MbUnit was previously named GUnit. It has been renamed to avoid name clashing with another project.
Unit testing is a great tool for ensuring an application quality and frameworks like NUnit  or csUnit  have made it very simple to implement. However, as the number of tests begins to grow, the need for more functionalities begin to show up. The above frameworks are based on the Simple Test Pattern which is basically the sequence of
TearDown actions. Although highly generic, this solution lets a lot of work to be done by the test writer. Sadely, there is no easy way to derive and include a new "fixture" type in those frameworks.
Recently, Marc Clifton has formalized more than twenty unit test patterns in . In a perfect world, each of these patterns would have a "specialized" fixture: testing a collection should not require rewritting the test class for each collection instance, this is what I thought after reading Marc's article, the next thought was "let's do it".
While enjoying my stay in hospital for surgery, I spent the time writing a new generative test unit framework called MbUnit. The objective of the framework is give to the end-users the "high order" test fixtures and to the develpers the tools to build new custom fixtures without modifying the Core. To illustrate that, MbUnit implements the Simple Test Pattern and provides new fixture types, like the usefull
TypeFixture which applies tests to a particular type instance. It must emphasize that MbUnit is still a prototype, was written under the influence of morphine and other pain-killer substance, and is published on the CodeProject to get constructive feedback from CPians and specially from members of the AUT project.
In the following, it is assumed that the reader has basic knownledge of unit tests (NUnit, csUnit, JUnit)..
A simple example
In this example, we show the motivation for MbUnit and the key features about it. While developping the example, we show what kind of data-structure is needed and how the core was be built.
Simple Test Pattern
Let us consider the Simple Test Pattern which is implemented by most test unit framework available. This is the classic way of writing unit test as described in the figure below. A
TestFixture attribute tags the test class, one
SetUp method, tests are done in the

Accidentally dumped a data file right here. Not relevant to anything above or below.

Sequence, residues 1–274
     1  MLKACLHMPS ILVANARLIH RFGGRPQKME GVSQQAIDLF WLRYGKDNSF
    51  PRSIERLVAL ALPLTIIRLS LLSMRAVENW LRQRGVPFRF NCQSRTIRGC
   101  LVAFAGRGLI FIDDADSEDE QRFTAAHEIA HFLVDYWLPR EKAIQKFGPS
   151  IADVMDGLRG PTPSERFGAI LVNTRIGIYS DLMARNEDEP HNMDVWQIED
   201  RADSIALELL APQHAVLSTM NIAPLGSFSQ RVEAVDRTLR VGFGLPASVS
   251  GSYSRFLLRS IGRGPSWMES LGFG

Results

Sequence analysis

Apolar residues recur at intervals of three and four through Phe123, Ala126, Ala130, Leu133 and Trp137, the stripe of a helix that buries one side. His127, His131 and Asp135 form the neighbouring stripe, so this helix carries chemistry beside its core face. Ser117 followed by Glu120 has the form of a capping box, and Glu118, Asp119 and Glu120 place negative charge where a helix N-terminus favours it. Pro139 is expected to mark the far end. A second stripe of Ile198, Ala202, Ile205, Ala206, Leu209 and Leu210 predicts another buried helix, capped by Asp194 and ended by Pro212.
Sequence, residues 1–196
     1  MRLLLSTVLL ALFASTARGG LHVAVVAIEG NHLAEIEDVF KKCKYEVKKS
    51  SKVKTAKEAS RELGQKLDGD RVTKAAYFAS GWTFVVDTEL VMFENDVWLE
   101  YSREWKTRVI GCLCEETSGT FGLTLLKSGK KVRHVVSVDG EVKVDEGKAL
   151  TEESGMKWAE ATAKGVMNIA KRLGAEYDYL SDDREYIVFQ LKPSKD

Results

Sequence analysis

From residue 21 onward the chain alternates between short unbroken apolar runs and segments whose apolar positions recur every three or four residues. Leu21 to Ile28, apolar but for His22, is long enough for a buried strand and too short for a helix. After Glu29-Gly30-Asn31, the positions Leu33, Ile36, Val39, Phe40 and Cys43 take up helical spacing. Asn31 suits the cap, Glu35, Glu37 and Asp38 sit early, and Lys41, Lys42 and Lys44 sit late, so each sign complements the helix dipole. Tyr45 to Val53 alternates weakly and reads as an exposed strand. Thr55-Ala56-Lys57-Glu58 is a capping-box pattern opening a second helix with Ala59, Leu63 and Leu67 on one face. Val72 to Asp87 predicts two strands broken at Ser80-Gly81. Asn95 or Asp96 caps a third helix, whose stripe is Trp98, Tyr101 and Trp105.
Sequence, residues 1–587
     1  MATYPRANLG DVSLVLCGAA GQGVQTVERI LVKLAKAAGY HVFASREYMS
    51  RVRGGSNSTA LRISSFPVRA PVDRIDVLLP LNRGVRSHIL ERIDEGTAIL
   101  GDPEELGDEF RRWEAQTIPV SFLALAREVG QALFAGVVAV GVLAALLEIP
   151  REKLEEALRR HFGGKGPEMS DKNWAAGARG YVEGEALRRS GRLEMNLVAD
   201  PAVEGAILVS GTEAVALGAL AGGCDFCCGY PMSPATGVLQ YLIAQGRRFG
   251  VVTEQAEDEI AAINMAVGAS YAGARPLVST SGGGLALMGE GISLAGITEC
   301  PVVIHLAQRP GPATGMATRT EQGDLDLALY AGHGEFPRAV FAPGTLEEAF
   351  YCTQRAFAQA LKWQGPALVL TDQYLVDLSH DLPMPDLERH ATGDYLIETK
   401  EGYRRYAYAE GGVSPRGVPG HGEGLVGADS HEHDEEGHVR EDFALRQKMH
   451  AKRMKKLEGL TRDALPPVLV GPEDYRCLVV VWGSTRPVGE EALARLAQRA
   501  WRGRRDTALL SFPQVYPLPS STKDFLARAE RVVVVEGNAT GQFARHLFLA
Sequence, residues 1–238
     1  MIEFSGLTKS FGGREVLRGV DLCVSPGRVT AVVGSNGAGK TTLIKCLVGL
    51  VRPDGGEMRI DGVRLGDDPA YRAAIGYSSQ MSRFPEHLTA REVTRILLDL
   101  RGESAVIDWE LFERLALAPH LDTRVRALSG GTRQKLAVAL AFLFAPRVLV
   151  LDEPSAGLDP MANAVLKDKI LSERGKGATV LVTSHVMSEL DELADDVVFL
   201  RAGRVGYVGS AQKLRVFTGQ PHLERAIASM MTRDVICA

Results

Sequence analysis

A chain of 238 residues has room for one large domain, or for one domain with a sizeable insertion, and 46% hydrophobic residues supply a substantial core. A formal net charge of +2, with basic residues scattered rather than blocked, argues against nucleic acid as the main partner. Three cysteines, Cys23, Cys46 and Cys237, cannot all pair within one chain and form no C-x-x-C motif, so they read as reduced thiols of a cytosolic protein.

Test tagged method and clean up is performed in
TearDown tagged method. This is illustrated in the left of the figure.
The figure already illustrates one of the key idea of MbUnit: Fixture class should be definable at runtime by creating an execution pipe, using basic building blocks (SetUpAttribute, TestAttribute, etc...) provided by the framework.
In the above example, we call the
TestFixture class a
NonTestPattern tags for mehods that are not considered as tests.
Test is a
TestFixturePattern must be able to describe itself at runtime and return it's execution path.
Defining the TestFixture attribute in MbUnit
As mentionned in the introduction, MbUnit provides basic building blocks that a developer can use to build complex fixtures. For example, the Simple Test pattern is implemented as follows in MbUnit (source first, comment below)
public class TestFixtureAttribute : TestFixturePatternAttribute
public override IRun GetRun()
SequenceRun runs = new SequenceRun();
OptionalMethodRun setup = new
runs.Runs.Add( setup );
MethodRun test = new
OptionalMethodRun tearDown = new
TestFixturePatternAttribute is the abstract base class for all new fixture attribute in MbUnit,
GetRun method is called by the MbUnit core to know what is the execution path of the fixture. The fixture can use built-in basic attributes to build it's execution path.
IRun instance can represent the call to a method, or to a sequence of methods, etc...
SequenceRun is a sequence of
MethodRun is a
IRun instance that wraps a call to a method tagged by a predefined attribute.
OptionalMethodRun is inherited from
MethodRun and describes optional methods.
Tagging a class and scanning the test class
When you provide a test assembly to the framework, it will scan for test class tagged with
TestFixtureAttribute derived attributes. In this case, we wrote one tagged with
Once the fixture is extracted, the framework calls
GetRun() method and starts to explore the execution path.